There is hope for more mass participation events in the coming months. As training load and volume pick up after an 18-month hiatus, athletes should focus on optimising their recovery to get the most from their training.
That’s because the perfect combination of training volume and intensity, properly periodised with your target race in mind, doesn’t always deliver the desired outcome without adequate recovery.
To extract all the benefits from your training and realise your full potential on race day, you need to support your body with a combination of rest and nutrition immediately following a workout.
Step 1: Eat
Post-workout nutrition is the cornerstone of recovery. The food, drink and supplements you consume after a training session should:
- Replenish spent energy reserves.
- Repair and regenerate damaged soft tissue.
- Trigger new muscle growth and other adaptations.
When you exercise, your body typically breaks down glycogen (carb-derived energy) stores in muscle cells and your liver, as well as stored and ingested fat.
But without proper nutrition, your body will eventually start metabolising protein from muscle to meet your energy needs, especially the longer your training session goes on.
While there are metabolic benefits to training in a low-carb state (you become more efficient at fuelling your efforts with stored or ingested fat), breaking down fat and muscle for energy is less efficient at higher intensities.
And constantly training in this way also creates more muscle damage, which increases your recovery demands. As such, optimal post-workout recovery should start as soon as the session ends.
Your main aim at his stage in the recovery process is halting muscle breakdown and kickstarting the processes that repair the muscle damage done during training.
When it comes to post-workout nutrition, timing and meal composition are the most important factors to consider.
It is best to consume a serving of highly bioavailable protein along with some rapidly digested carbohydrates immediately after a training session.
This combination provides your body with amino acids to repair muscle tissue and carbohydrates to replenish depleted glycogen stores in muscle cells and the liver.
And research shows that restoring glycogen and rebuilding protein happen at a faster rate after exercise when you consume your carbohydrates and protein together.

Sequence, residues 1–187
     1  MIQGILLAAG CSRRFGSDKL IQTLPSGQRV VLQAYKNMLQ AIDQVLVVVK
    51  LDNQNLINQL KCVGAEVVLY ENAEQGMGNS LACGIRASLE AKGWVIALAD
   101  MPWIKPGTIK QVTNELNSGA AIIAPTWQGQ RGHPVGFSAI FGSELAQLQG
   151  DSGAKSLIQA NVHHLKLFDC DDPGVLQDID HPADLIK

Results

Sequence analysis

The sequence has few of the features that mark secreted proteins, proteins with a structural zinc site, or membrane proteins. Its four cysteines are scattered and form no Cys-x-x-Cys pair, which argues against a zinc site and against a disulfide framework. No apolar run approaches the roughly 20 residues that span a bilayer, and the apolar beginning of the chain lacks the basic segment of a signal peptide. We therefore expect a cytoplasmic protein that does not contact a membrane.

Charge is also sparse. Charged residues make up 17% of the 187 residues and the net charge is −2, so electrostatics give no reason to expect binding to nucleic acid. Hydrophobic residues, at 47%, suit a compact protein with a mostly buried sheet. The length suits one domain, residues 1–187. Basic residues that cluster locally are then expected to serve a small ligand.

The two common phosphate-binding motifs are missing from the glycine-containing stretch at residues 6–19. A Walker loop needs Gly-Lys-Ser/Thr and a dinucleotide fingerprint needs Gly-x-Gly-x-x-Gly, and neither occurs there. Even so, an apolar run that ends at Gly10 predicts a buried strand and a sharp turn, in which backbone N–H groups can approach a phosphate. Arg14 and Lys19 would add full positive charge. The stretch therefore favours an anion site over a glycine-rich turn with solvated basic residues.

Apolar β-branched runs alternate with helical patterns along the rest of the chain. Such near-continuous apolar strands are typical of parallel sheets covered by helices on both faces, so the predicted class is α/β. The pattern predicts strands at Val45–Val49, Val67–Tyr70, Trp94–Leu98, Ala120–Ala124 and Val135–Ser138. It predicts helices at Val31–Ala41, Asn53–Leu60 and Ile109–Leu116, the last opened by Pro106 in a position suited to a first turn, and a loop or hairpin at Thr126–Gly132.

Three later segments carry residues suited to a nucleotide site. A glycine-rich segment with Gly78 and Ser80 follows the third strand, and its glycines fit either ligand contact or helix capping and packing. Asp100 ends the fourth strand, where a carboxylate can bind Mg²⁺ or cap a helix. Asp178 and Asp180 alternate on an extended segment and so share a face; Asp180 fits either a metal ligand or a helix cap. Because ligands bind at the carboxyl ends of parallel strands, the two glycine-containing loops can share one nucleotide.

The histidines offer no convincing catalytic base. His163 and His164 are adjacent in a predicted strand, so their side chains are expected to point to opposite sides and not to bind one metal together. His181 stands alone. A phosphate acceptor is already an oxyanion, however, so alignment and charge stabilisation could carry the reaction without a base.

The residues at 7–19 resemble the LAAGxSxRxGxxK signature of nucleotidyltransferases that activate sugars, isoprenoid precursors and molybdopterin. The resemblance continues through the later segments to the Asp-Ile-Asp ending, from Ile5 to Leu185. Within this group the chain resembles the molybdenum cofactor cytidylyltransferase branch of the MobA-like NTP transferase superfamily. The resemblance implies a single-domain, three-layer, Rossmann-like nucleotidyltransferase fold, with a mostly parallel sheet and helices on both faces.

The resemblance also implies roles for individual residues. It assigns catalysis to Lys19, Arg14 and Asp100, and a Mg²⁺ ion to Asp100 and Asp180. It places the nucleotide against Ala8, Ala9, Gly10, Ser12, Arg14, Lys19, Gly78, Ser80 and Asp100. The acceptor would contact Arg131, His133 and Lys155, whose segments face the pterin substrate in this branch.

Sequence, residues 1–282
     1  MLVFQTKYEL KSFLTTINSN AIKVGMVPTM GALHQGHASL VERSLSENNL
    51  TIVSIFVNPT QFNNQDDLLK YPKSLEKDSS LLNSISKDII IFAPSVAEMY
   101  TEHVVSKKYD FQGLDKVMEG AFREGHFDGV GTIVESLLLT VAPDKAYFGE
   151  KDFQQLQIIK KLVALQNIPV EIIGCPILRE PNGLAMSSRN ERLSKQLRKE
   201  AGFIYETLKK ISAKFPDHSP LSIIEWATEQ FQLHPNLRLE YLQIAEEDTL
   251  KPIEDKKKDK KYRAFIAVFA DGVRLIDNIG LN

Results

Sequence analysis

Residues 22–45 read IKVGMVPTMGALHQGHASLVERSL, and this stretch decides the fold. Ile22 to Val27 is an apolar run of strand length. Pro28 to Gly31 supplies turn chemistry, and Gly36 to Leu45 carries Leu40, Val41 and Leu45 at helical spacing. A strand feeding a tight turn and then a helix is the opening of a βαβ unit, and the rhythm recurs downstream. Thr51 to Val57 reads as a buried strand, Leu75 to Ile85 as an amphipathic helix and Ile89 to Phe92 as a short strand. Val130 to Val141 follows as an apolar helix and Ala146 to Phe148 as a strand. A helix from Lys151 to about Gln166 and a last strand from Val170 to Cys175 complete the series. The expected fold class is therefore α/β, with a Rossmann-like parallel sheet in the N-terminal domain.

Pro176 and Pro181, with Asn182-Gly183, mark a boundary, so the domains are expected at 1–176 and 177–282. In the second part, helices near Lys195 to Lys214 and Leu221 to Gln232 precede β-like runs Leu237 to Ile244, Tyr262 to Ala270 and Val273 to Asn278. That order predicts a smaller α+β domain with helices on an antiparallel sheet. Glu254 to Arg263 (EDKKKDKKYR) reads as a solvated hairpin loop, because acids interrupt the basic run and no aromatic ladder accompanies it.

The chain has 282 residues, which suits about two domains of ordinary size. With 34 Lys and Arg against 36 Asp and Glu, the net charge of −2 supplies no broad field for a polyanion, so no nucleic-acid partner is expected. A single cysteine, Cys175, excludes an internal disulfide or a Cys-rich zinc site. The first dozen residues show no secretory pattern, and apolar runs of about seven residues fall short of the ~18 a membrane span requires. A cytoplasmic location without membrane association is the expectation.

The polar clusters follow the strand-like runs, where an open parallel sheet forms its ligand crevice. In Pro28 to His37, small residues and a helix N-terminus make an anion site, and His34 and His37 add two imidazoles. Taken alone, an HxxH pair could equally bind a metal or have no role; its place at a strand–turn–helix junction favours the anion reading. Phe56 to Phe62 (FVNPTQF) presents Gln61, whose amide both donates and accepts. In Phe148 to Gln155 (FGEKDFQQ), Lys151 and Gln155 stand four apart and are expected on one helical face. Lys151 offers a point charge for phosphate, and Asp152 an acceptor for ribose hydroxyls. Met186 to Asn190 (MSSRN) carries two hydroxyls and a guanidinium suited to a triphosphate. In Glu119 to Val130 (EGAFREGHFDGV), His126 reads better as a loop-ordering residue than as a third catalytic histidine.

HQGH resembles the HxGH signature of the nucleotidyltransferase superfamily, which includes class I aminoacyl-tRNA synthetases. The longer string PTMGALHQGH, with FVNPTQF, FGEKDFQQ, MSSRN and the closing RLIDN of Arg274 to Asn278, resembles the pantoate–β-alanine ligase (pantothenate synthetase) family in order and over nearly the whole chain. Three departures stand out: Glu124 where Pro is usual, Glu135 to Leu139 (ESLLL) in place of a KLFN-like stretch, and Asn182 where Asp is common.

We also now know now that endurance athletes benefit more from a carb and protein drink than the traditional carbohydrate-only option.
While a wholesome whole food meal is generally the best option to meet your nutritional needs in the recovery phase, it’s not always practical to carry food with you.
Many athletes also struggle to get down a meal as their weary leg muscles are still hogging the majority of their blood supply, leaving very little available for the digestive system to function properly.
This is when an intelligently formulated supplement makes sense as they provide the macronutrients you need in liquid form and it is easy to carry around a shaker bottle or a convenient bar.
A product that contains all the essential amino acids along with added leucine – an important anabolic (muscle-building) trigger – are prerequisites for any suitable recovery drink.
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Step 2: Rest
With the nutrition box checked, your focus should shift to rest. Reducing the demands you place on muscle and connective tissues gives them an opportunity to adapt to the training you’ve just done.
This post-workout downtime could include a nap if you have the time. If you’re heading to the office or back home after your session, make sure you keep moving around to promote blood flow.
Sitting down for extended periods after a training session can actually hamper your recovery efforts.
Eating a whole food meal 2-3 hours after your session will support your recovery by supplying your body with another dose of amino acids to sustain the rebuilding process. Add in some natural fats to this meal and with dinner to support the hormonal response that drives the repair process.
Then, add in some active recovery before bed. This could include hot-cold contrasting, foam rolling, mobility drills, stretching or some light massage. Including this step in your post-workout recovery routine will help your body bounce back sooner.
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Step 3: Sleep
The final step in the post-workout recovery phase is adequate sleep. Aim to get at least 7-9 hours a night. That could mean sacrificing some training time to sleep in when required by those who run in the early morning.
Having followed this simple yet effective three-step process, you should wake up feeling refreshed and ready to repeat the process at your following session.
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